“I hope this becomes a springboard for many other Montessori high schools,” said Abrams.
MSLF is proud to announce its recent recognition by the National Wildlife Federation® (NWF) as an official Certified Wildlife Habitat™. We’ve always appreciated the opportunities afforded to our students, their families, and our staff by our beautiful 4.5-acre outdoor environment. Yet, to have gained this special recognition from NWF is both exciting and rewarding. Our property attracts a variety of birds, butterflies and other local animals by providing a wildlife-friendly landscape.
In order to become certified, a property must provide the four basic elements that all wildlife need: food, water, cover and places to raise young. In addition to providing for wildlife, certified habitats conserve our natural resources by reducing or eliminating the need for fertilizers, pesticides, and/or irrigation water, which ultimately protects the air, soil and water throughout our communities.
David Mizejewski, NWF Naturalist commented, “It’s easy to feel that there is no hope for wildlife in our modern world of smog, traffic and asphalt. But there is hope. Each of us can make our own piece of the Earth a healthy, green space that helps restore the ecological balance.” MSLF is happy to provide wildlife with greater incentive to call our piece of the Earth home!
The planning and hard work of many individuals over many years has resulted in MSLF’s beautiful and special “backyard.” Too many people have contributed their minds, time and labor to mention them all here. However, a special call-out to Lissa Hektor (former MSLF Executive Director) is appropriate. Her long-term vision for this space and her tireless work towards its development will not be forgotten. Thanks, too, to Katherine Ritter (alumnae parent and board member), for her time and expertise, and for managing the process of this certification.
Beacon Academy, a private Montessori high school, will open its doors in Fall 2014. Several Chicago-area Montessori schools, including MSLF, are lending support to this effort in many different ways. The presence of a local Montessori high school means wonderful opportunities for graduates of MSLF’s Adolescent Program. Please take a moment to learn more by visiting Beacon Academy’s web site at beaconacademy.tumblr.com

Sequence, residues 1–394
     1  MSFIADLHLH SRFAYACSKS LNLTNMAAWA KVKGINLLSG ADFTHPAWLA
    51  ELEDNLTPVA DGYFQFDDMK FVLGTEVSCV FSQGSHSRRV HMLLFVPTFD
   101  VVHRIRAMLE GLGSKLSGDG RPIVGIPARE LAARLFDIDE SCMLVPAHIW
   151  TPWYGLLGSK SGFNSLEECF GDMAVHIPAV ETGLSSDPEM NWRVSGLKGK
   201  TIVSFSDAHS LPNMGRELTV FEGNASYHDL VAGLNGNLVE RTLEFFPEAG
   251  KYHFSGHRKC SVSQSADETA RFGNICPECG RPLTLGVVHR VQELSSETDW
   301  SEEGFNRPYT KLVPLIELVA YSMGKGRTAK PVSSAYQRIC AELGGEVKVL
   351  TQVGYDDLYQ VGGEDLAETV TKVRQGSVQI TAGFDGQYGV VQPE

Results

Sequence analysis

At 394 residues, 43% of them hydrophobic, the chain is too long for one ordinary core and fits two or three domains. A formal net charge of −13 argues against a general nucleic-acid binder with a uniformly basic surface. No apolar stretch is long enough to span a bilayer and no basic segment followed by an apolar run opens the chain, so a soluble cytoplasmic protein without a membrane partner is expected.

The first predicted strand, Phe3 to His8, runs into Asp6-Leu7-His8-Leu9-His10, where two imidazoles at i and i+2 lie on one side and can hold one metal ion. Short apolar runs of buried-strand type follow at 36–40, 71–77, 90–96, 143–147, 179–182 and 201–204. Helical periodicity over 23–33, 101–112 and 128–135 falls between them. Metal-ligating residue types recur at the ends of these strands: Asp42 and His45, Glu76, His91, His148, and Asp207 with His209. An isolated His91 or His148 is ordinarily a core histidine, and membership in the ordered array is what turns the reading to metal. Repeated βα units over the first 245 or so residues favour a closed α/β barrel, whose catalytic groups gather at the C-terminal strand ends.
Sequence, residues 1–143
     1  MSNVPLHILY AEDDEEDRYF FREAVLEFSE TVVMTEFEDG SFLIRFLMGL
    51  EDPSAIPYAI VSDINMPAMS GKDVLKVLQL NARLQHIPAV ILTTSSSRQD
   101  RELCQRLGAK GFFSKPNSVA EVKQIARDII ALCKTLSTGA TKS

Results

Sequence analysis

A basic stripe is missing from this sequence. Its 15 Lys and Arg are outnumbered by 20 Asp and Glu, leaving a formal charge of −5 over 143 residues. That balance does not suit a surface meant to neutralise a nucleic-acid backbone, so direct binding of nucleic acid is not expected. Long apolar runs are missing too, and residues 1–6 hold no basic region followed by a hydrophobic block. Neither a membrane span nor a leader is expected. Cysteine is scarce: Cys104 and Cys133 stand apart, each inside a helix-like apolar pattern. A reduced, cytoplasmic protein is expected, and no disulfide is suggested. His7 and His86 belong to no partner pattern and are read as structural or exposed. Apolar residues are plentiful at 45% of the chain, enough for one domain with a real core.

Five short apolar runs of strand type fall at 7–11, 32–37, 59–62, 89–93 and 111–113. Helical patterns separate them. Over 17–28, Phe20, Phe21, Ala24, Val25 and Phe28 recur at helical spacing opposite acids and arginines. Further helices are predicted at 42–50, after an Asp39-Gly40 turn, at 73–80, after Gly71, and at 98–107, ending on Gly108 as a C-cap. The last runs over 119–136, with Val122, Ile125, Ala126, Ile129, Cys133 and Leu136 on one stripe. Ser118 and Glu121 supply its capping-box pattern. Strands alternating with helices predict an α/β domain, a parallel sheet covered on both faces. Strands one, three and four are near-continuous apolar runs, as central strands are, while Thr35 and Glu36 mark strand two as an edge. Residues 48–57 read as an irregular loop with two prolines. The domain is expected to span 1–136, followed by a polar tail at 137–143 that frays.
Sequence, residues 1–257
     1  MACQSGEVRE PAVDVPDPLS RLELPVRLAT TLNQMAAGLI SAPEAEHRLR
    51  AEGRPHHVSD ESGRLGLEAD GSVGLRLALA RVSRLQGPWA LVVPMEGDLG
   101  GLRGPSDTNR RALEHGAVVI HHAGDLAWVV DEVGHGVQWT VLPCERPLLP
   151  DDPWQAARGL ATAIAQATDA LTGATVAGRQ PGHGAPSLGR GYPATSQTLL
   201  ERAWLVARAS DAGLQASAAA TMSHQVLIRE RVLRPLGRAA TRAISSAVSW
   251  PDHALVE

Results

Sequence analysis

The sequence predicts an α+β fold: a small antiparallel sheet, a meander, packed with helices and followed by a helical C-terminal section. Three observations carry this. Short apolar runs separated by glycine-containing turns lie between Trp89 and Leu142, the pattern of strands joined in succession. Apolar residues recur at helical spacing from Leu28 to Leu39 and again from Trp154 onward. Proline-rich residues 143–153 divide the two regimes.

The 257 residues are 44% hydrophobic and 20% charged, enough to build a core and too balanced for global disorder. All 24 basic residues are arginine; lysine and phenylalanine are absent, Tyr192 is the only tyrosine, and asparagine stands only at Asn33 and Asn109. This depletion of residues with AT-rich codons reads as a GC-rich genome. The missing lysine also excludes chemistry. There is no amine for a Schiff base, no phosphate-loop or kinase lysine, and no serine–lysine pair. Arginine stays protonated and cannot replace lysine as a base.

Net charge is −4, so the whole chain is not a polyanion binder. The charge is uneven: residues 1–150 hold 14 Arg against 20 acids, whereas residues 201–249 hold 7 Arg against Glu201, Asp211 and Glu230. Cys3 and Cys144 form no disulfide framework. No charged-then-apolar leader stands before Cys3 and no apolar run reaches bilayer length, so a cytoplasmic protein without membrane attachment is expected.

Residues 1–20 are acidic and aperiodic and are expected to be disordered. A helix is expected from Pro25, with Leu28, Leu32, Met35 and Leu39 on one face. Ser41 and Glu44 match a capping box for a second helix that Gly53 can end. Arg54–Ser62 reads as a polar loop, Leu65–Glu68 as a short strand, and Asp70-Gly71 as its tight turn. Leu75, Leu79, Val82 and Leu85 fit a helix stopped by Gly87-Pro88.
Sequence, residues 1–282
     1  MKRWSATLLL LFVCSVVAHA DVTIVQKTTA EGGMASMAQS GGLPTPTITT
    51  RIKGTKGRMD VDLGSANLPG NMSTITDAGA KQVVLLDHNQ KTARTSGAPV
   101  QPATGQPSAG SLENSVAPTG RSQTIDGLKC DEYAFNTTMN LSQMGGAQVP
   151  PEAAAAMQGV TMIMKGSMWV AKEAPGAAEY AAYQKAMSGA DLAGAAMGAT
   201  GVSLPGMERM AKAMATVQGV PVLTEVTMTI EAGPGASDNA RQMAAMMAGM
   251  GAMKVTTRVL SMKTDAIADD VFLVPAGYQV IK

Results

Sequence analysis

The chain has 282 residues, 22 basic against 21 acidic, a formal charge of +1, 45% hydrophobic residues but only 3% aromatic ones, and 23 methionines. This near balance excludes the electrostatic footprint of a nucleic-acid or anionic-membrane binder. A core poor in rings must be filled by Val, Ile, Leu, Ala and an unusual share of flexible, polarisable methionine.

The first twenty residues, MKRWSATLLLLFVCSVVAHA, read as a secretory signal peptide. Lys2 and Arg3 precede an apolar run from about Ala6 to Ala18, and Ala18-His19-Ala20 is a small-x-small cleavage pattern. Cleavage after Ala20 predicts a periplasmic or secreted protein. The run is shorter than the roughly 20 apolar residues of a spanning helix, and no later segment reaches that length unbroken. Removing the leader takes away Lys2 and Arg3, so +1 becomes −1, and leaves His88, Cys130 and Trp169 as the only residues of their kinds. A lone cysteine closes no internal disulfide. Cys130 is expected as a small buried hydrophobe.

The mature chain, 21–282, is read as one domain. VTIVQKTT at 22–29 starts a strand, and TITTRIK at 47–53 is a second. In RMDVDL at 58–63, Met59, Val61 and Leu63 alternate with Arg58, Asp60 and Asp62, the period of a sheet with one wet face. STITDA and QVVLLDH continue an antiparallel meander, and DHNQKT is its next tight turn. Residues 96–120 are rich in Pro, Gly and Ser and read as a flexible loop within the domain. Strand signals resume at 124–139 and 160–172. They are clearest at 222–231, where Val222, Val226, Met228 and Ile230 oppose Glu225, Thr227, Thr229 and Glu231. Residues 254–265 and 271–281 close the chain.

We hope you enjoy what you discover about Beacon Academy, which will be a high school where all the students love to learn and want to go to school every day, just as the younger children and adolescents do now. Beacon has recently hired Jeff Bell as Principal, and we will keep you informed of the school’s ongoing progress. If you have immediate questions, please feel free to call MSLF’s office.
Each week, our marvelous catering partner identifies a “fruit of the week.” This week they featured Dragon Fruit and Miniature Pink Lady apples. Last week we had fresh persimmons. OMC Catering strives to bring fun and interesting fruits to the school, exposing the children (and even the teachers) to fruits that they may have never seen before. It’s been very exciting to see the reaction to some of the new and unusual fruits!
MSLF’s Board of Directors gathers in its entirety most months of the year. Parents are always welcome to attend, which is why we announce the meeting schedule each school year. It was decided last year that the Board would not meet in December 2012 or March 2013. However, this wasn’t accurately reflected within a couple of instances of the school calendar. The group will convene again on January 17, 2013.
We are grateful for the myriad resources available to us here at MSLF. Related to that gratitude is a respect for these resources and the benefits they bring to students, faculty and staff. It is important to us to use to use them prudently and to eliminate waste where possible.
We kindly ask for your assistance in reducing food waste related to our lunch program. Each day we report to our caterer how many children will be eating. This number then determines how much food comes our way each day. Due to food-safety processes and regulations, we are not able to save leftovers. This means that uneaten food is thrown away and goes to waste.
So, we need your help in please reporting your child’s absence by 9am. Please call Lynn at the front desk or communicate with your child’s teacher as soon as you know he or she will not be at school. This will help us greatly, as we let our lunch service know how much food to provide on any given day. Thank you for your support!